The electronic module 50 can communicate with the PDA 24 and the computer 28 by wireless communication such as the Bluetooth protocol. The computer 28 can, in turn, communicate with the internet 32. Using the combination microphone and speaker 48 the user 14 can send audio information to the electronic module 50 which can then digitize the audio signal and send it to the PDA 24 for voice recognition. If the audio is too complex for the PDA 24, the audio can be sent to the computer 28 for voice recognition. The computer 28 can access the internet 32 for help in the voice recognition if necessary. Finally if none of the equipment in
There could also be a set of predetermined voice commands that the user 14 is restricted to. The voice recognition software to recognize the limited list of commands is less complex and more accurate than the software needed to recognize all words. Such voice commands as “channel 59” when the ear 12 is pulled back would be decoded either directly by the electronic module 50 or by the PDA 24, encoded and sent back to the electronic module 50 which would, in turn, modulate the laser beam from the laser 20 with the correct code which the sensor 56 would decode and the TV set 34 would change the channel to channel 59. The laser beam would therefore have to aimed at the sensor 56 to transmit the encoded laser beam signal to the TV set 34. The same sequence could be used to set a thermostat, a VCR, etc.
There are some operations which do not require the use of the laser 20. For example a user 14 could say “time” while pulling back the ear 12 and the time in an audio format would be sent to the speaker in the combination microphone and speaker 48. Also, a telephone number could be spoken and a telephone call would be made, and the call could be terminated when the user 14 says “hang up”.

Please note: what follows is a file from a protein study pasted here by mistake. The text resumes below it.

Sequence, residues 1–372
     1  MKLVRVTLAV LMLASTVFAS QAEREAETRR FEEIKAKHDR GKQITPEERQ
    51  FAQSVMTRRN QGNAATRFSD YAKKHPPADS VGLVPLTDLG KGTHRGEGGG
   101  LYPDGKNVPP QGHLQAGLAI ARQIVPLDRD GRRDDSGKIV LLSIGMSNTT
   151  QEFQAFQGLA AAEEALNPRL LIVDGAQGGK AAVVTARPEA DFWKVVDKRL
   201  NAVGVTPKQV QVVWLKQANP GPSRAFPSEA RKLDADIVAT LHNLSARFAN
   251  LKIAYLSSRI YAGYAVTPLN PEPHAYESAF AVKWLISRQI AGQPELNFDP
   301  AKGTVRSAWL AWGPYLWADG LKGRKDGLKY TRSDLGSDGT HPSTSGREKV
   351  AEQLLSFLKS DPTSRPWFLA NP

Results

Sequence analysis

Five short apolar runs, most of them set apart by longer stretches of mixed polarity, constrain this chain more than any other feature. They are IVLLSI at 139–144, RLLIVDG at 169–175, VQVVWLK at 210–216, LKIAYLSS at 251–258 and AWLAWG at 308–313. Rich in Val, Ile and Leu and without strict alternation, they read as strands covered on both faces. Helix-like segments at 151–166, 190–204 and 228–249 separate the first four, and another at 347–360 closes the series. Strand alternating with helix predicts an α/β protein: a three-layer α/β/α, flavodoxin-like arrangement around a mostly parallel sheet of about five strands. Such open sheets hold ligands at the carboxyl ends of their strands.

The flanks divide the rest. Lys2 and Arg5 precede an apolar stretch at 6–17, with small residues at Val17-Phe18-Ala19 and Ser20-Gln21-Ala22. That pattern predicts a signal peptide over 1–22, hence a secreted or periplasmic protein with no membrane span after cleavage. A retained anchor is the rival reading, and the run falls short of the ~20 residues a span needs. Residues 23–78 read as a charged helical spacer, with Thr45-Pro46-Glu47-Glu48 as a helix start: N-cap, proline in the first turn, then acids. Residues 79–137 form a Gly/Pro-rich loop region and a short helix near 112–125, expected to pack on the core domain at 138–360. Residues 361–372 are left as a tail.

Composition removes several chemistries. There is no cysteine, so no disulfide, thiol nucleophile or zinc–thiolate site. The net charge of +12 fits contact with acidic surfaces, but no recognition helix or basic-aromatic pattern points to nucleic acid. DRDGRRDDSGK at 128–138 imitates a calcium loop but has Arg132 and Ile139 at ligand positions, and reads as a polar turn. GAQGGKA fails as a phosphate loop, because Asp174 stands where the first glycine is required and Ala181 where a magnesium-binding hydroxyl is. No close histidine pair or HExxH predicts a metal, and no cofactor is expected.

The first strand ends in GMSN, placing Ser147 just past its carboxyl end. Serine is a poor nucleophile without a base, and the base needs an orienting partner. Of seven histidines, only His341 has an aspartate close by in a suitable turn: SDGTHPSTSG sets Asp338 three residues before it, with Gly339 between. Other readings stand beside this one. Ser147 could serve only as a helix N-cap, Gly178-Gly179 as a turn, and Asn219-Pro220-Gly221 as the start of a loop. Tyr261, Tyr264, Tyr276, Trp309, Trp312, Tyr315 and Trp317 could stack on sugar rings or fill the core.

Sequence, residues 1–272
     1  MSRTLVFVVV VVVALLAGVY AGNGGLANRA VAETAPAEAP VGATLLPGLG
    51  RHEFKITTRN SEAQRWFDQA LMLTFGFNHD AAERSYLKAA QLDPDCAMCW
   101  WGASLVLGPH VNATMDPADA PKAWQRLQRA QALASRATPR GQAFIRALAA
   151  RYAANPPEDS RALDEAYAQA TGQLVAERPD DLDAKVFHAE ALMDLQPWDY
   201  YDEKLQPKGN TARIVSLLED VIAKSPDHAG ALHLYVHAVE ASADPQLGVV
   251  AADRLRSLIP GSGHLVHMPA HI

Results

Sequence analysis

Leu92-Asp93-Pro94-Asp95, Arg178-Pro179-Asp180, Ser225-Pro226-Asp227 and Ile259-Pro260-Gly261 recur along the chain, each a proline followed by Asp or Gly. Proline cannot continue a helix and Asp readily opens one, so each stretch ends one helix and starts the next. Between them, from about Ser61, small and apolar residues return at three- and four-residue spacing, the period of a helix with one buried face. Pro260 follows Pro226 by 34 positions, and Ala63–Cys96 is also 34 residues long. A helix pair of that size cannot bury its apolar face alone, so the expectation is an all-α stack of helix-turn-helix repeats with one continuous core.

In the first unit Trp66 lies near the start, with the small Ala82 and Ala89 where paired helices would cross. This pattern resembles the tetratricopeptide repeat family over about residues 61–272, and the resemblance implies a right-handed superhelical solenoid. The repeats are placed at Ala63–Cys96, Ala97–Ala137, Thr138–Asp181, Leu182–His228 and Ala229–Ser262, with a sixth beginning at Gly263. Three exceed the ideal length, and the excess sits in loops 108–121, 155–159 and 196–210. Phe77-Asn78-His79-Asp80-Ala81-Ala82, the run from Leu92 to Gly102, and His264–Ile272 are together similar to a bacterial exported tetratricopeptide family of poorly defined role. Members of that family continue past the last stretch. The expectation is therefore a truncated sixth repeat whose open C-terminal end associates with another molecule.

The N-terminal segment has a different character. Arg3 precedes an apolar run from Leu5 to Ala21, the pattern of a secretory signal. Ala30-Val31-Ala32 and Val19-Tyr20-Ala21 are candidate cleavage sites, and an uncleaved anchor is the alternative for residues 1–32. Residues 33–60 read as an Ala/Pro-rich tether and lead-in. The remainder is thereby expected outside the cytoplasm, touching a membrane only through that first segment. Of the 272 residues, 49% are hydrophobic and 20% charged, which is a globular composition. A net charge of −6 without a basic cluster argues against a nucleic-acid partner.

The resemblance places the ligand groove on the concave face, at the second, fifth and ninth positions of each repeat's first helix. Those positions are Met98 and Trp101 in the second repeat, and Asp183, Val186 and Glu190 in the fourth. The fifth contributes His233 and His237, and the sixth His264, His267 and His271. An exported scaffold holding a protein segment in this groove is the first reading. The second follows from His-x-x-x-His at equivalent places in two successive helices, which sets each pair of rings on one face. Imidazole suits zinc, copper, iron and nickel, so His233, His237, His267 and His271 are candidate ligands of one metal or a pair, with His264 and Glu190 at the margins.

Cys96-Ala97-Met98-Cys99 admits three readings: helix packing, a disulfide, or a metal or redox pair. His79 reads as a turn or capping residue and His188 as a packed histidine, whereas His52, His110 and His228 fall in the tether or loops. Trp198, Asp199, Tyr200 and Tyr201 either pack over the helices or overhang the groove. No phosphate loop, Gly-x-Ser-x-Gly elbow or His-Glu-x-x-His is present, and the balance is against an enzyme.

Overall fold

In this manner more complex commands and communication can be achieved such as using the biometric device and system to simply record an audio message to communicating to any other applications such as viewing and taking a picture of a home appliance that needs repair and having the PDA 24, the computer 28 and the internet recognize the appliance and providing information needed to repair the appliance.
The laser 20 can be used to send commands to or query many products such as notifying a traffic light that the user wants to cross the street along with the amount of time the user needs to cross the street. The laser could also be used by emergency personnel to cause traffic lights to turn green for them when they are going to an emergency.
Pulling the ear 12 back can simply be a single pull or can be a more complex action such as pulling back and holding the ear 12 back until a object, such as a TV, reaches a desired set point, such as reaching the wanted channel. Other actions can be to pull back the ear 14 twice within 2 seconds, etc. Even more complex movements can be used such as movements which may resemble Morse code signals or be actual Morse code. It is believed that some individuals with training can eventually control the movement of either ear separately and independently, thus generating a user interface capable of even more selectivity, complexity and discrimination.
Also, for a novice user the ear can be pushed back by hand until the user develops the ability to pull back his or her ear without using a hand.
The ear clip 46 can be used to monitor the user's physical condition such as pulse rate and pulse oximetry. Other sensors can be attached to the user and wired to the electronic module 50 such as an accelerometer for monitoring other body parameters such as whether the user 14 has a fever on not and whether the person is awake, has fallen, etc.